4. The drying chamber is warmed, most commonly by radiation but conduction is used some plants and convection has been proposed in some small pilot plants. A possible problem with convection is uneven drying rates within the chamber, which would give an inferior product.
  5. Condensation - the previously frozen water in the coffee granules expands to 10 times its volume, the removal of this water vapour from the chamber is vitally important, making the condenser the most critical and expensive components in a freeze drying plant.
  6. The freeze dried granules are removed from the chamber and packaged.

Spray Drying

This method of drying is preferred to freeze drying in some cases because of its cost effectiveness, short drying time, usefulness when dealing with such a heat sensitive product, and the fine, rounded particles it produces.

Spray drying produces spherical particles of size roughly equal to 300 µm with a density of 0.22 g/cm³ (ref 2). To achieve this, nozzle atomisation is used. Various ways of nozzle atomization can be used each having its own advantages and disadvantages. High speed rotating wheels operating at speeds of about 20,000 rpm are able to process up to 60,000 pounds (27 t) of solution per hour. The use of spray wheels requires that the drying towers have a wide radius to avoid the atomised droplets collecting onto the drying chamber walls.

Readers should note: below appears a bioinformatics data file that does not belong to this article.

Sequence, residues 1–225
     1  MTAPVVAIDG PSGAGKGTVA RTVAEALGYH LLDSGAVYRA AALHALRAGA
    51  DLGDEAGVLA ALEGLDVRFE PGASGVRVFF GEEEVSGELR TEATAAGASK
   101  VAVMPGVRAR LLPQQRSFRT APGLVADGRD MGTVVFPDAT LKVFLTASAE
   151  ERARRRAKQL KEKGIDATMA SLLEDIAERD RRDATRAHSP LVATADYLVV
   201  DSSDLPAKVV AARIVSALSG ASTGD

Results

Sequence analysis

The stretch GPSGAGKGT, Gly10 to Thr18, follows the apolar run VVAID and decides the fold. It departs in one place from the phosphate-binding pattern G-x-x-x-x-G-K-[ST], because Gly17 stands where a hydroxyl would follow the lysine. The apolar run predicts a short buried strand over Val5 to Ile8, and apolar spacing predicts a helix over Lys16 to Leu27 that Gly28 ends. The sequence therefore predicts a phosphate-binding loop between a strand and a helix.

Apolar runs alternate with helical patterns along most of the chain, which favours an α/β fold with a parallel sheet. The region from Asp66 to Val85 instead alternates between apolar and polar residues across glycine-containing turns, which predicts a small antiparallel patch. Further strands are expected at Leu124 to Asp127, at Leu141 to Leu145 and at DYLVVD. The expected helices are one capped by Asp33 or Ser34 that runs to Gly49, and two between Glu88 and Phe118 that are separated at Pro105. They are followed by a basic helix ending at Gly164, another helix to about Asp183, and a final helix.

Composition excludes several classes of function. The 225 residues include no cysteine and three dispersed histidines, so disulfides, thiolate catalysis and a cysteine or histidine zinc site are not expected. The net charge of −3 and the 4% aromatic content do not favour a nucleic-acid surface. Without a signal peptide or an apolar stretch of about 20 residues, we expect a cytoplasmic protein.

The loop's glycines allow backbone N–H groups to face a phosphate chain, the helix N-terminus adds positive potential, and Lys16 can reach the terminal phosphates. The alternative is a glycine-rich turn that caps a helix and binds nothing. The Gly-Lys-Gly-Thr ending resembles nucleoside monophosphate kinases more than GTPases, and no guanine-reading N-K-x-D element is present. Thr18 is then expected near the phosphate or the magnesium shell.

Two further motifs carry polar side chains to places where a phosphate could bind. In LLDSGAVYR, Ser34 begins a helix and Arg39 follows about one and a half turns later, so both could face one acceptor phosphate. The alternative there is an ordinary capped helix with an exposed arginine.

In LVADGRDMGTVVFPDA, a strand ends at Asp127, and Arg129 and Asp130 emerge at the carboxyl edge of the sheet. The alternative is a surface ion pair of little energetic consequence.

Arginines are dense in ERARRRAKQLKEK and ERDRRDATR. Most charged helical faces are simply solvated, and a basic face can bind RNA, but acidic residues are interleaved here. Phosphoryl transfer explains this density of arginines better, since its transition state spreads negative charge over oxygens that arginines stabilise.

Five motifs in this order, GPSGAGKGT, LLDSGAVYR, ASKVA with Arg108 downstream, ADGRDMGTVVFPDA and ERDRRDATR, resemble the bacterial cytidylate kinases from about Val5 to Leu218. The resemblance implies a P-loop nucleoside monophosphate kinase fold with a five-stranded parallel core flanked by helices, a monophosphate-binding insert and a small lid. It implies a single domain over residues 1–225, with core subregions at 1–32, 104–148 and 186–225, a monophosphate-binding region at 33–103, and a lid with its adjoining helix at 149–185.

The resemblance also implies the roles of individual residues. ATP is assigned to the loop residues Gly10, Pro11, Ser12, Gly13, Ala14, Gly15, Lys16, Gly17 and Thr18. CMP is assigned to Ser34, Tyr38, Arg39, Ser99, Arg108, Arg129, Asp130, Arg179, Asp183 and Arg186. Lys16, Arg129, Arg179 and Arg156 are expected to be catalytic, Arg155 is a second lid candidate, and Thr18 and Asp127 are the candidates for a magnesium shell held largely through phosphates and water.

Typical Spray Drying Characteristics
  • Completed in 5–30 seconds (dependent on factors such as heat, size of particle, and diameter of chamber).
  • Moisture content change, IN = 75–85%     OUT = 3–3.5%
  • Air Temperatures, IN = 270 °C     OUT = 110 °C

One drawback with spray drying is that the particles it produces are too fine to be used effectively by the consumer, they must first be either steam-fused in towers similar to spray dryers or by belt agglomeration to produce particles of suitable size.